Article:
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McCallum: Pass The Potatoes

11/22/11 7:55AM By Mary McCallum
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(Host) Looking forward to Thanksgiving has commentator Mary McCallum remembering one so filled with contrasts that it gave her own holiday much food for thought.

(McCallum) The Great American Thanksgiving is a holiday centered around the importance of family and friends, of sharing our collective good fortune among them, and giving thanks for what we have. I love that it's more about tradition and less about shopping. Yet I recall vividly one Thanksgiving from the past that was a complete break from tradition.

In the late sixties I was a student in a small college on eastern Long Island. The tiny campus sat on a river, and classes were held in the genteel rooms of what had once been a grand old mansion. I got my first taste of political activism there when I fell in with a small group who fancied themselves radical thinkers. We got tear gassed protesting the Vietnam war, shut down classes during the Kent State shootings and started an edgy literary magazine.

One fall semester we partnered with a group of activists that ran a breakfast program for pre-school kids at Head Start on Long Island's east end. They were the children of migrant workers from the American south who followed the crops. That season they were pickers at the sprawling potato farms.

We students initiated a huge food drive, and for weeks gathered boxes of cereal, powdered milk, canned fruit, bags of oatmeal, and bottled juice. Early Thanksgiving morning we loaded a truck and headed east in the gray November chill to the Head Start office. We were to meet the two men in charge of the breakfast program, who happened to be members of the leftist Black Panther Party. The plan was to do the drop, talk some politics, then head home to our Thanksgiving dinners.

But the men wisely invited us middle class white students to follow them out to one of the migrant farms to meet some of the people our food would be going to. No problem, we could spare the time, our own holiday meals wouldn't be until dusk anyway.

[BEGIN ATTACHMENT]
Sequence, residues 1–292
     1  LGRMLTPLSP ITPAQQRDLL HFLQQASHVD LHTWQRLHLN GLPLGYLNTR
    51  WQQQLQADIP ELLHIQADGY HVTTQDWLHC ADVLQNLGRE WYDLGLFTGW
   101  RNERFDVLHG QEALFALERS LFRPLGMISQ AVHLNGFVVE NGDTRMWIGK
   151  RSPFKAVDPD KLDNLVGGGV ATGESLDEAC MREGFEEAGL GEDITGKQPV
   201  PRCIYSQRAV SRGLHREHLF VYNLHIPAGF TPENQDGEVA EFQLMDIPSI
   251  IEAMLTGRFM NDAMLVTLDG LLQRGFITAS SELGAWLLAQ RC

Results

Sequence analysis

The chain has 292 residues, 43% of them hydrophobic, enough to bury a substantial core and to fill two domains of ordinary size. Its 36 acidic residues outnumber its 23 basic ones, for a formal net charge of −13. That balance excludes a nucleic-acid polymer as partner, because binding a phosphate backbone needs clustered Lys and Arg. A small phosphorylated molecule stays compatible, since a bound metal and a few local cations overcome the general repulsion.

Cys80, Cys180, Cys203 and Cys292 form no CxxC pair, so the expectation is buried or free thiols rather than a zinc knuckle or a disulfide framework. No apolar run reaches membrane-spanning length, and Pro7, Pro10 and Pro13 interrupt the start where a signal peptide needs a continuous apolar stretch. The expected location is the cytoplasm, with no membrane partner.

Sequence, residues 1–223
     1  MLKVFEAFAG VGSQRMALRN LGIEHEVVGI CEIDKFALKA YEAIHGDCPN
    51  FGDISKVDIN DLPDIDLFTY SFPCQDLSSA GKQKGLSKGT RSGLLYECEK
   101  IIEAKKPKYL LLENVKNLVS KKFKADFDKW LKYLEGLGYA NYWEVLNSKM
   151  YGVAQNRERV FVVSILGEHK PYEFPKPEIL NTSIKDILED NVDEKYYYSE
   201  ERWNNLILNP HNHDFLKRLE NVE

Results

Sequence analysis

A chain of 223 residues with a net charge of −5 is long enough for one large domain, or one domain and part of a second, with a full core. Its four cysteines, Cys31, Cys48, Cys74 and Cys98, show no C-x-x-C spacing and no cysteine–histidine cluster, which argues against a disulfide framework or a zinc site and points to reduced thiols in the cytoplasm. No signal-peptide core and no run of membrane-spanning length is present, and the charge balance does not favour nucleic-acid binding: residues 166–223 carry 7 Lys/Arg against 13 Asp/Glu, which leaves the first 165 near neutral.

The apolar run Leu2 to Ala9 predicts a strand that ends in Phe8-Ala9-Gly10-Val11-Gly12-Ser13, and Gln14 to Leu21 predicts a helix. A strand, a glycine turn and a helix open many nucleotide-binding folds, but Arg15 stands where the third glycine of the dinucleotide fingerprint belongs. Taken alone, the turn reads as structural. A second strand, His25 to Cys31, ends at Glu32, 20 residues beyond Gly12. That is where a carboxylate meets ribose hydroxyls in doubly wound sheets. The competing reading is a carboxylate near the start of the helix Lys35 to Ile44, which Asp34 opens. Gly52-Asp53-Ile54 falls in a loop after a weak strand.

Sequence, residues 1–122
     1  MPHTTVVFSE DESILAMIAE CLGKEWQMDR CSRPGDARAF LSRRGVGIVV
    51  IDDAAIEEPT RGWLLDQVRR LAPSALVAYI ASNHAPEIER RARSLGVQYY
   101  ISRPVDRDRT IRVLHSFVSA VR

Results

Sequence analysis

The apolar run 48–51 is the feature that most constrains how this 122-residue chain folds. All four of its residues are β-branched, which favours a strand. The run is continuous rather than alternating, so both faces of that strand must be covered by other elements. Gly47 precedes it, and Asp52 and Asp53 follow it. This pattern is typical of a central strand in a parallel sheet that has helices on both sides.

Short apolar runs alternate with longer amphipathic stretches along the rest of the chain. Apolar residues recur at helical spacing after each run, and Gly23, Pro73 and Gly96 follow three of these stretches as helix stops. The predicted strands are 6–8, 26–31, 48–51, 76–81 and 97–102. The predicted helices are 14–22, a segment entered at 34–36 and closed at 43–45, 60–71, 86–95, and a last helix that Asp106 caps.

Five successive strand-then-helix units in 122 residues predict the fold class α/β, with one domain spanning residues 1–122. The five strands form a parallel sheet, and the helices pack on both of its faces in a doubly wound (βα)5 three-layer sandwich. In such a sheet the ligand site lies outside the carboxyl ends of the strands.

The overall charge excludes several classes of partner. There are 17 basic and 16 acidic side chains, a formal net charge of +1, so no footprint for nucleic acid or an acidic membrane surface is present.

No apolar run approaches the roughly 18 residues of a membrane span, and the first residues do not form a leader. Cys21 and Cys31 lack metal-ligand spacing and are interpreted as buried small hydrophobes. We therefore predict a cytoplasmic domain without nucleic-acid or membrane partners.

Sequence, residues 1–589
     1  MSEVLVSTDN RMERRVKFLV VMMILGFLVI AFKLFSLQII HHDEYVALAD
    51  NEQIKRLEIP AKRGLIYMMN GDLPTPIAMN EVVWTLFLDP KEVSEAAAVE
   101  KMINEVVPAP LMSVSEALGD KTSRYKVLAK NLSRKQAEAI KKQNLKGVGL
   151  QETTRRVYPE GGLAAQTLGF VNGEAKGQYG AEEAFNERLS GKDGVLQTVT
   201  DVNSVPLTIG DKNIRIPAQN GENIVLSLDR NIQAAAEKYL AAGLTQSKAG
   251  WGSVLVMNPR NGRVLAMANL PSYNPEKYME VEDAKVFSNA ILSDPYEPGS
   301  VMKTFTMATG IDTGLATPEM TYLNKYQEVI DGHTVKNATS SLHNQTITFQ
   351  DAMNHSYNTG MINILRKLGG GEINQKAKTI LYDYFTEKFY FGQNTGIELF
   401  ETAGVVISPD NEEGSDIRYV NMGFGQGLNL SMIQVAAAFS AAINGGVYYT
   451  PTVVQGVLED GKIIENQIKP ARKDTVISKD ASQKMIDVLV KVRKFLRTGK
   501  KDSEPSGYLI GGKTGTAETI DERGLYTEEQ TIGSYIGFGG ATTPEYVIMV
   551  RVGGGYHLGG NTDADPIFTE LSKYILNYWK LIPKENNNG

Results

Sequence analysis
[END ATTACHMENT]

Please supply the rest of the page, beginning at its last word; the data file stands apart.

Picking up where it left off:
It was 1969. Migrant labor conditions had not changed much since the 1950s when 40,000 acres of Long Island potatoes were cultivated and harvested by poor southerners of color. Entering the long dark wooden barracks lined with single metal beds and heated by a coal stove at each end was a step back in time. Outside, women stirred a large pot of stew over an open fire while men stood by, joked and passed around a bottle. Children played tag in the bleak November cold, stopping to warm hands at the fire.

A tiny wrinkled woman told me what it was like to stand at a conveyor belt all day grading potatoes by size with her arthritic hands. She told me she thought she was sixty-five, but didn't know for sure. She coughed a lot.

The ride back was quiet. The flat agricultural landscape gave way to subdivisions starkly lit by streetlights as darkness came on. At campus I got in my car and drove to my parents' home, where a long Thanksgiving weekend awaited. The house was warm, the smell of roasting turkey hung thick in the air, a large table was crowded with familiar foods that celebrated the bounty of harvest. We raised our wine glasses, toasted our good fortune and, to my acute discomfort, passed the potatoes.
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